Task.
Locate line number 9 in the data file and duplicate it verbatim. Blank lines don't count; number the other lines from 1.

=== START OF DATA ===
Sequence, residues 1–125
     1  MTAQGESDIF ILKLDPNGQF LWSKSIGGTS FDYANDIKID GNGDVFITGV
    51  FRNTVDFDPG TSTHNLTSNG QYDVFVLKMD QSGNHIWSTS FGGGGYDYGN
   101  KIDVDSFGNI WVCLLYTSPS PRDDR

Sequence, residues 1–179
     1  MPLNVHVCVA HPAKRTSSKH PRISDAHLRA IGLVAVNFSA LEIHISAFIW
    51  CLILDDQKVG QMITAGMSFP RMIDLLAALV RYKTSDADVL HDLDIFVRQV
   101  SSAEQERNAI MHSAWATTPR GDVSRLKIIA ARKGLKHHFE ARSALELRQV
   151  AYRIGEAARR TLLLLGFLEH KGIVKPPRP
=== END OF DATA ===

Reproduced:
   151  AYRIGEAARR TLLLLGFLEH KGIVKPPRP